The VIP Security Unit of the Israel Security Agency (Shin Bet) revealed that a civilian source managed to get close to the home of Shin Bet chief Nadav Argaman, in broad daylight, and install a hidden camera on a lighting pole on the street on which he lives, the Yediot Aharonot newspaper reports Thursday.
The same person also managed to make sure that the camera filmed the entrance to Argaman's yard and documented what was going on in the street – in a public area – both outside the house and at the entrance to it.
The report stated that the camera operated for several days without interference until it was discovered by the VIP Security Unit. The civilian source who installed the camera was summoned for questioning at the Lahav 433 unit of the Israel Police, and claimed that this was not an attempt to harm state security, but rather an action that was commissioned over a civilian background.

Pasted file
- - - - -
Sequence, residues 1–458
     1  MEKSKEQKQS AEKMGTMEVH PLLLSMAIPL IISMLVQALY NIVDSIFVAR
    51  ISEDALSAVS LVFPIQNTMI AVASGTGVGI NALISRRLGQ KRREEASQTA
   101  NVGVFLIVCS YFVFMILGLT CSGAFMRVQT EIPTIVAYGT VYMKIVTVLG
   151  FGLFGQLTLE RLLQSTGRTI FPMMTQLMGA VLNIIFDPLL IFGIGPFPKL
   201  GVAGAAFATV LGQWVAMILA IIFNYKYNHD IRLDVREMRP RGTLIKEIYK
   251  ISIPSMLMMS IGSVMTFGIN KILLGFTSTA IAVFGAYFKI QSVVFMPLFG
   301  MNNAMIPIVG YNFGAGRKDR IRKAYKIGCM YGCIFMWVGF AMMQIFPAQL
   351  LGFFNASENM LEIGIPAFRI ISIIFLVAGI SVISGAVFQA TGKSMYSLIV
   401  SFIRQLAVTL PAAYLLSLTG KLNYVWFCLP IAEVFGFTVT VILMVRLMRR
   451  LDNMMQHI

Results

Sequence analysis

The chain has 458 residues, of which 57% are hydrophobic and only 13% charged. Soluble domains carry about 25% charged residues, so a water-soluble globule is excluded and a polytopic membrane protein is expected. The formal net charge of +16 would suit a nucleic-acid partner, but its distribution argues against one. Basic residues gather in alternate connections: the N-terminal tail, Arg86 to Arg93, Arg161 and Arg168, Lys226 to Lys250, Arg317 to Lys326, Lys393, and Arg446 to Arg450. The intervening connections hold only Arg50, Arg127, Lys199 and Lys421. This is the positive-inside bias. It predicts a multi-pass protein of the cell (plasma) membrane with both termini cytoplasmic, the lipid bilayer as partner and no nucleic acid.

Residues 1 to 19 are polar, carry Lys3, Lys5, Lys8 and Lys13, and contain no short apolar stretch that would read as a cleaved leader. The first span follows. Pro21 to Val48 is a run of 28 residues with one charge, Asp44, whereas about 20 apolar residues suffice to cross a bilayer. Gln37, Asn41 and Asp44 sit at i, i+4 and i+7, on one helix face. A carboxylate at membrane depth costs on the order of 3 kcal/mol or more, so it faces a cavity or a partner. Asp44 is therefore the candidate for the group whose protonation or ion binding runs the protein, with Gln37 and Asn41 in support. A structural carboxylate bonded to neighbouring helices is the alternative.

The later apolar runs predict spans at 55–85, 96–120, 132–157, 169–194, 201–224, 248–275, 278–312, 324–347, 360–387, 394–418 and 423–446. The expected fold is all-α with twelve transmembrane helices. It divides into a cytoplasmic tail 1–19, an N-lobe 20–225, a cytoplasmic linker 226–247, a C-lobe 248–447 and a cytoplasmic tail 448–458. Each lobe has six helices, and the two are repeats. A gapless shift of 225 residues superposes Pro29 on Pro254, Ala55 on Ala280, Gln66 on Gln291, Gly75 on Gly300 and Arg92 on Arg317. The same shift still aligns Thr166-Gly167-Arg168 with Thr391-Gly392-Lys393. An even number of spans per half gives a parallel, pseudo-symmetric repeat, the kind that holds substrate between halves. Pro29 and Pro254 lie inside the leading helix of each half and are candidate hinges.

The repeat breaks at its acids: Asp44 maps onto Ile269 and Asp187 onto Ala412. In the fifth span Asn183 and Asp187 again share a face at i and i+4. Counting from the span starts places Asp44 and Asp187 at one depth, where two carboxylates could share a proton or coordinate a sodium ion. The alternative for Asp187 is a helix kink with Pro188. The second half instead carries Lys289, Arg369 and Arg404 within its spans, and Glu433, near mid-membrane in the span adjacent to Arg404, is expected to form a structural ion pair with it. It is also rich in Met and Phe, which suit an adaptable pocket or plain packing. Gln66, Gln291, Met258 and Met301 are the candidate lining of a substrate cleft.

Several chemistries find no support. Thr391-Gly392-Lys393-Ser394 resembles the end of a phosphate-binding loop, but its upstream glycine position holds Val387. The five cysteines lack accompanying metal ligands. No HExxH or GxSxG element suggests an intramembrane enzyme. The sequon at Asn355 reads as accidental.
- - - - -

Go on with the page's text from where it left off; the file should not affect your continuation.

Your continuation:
It was further reported that the suspect was not interrogated under warning, was not suspected of anything and was not subject to any restrictions. At the same time, he was warned not to inform anyone of his summons to the police. His request to receive the camera back was denied. More than a week later, according to the report, an interrogator from Lahav 433 called the person who ordered the photographs of the Shin Bet chief and warned him. At no point was the person who ordered the camera to be installed summoned to the police.
The police said in response, "We do not intend to address the matter.”